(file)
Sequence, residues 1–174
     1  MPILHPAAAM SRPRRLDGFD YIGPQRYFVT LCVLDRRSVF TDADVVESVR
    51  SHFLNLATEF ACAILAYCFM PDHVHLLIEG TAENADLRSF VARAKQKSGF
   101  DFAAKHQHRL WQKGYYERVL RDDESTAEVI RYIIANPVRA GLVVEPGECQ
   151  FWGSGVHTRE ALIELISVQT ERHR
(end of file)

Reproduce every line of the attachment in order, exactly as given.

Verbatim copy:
Sequence, residues 1–174
     1  MPILHPAAAM SRPRRLDGFD YIGPQRYFVT LCVLDRRSVF TDADVVESVR
    51  SHFLNLATEF ACAILAYCFM PDHVHLLIEG TAENADLRSF VARAKQKSGF
   101  DFAAKHQHRL WQKGYYERVL RDDESTAEVI RYIIANPVRA GLVVEPGECQ
   151  FWGSGVHTRE ALIELISVQT ERHR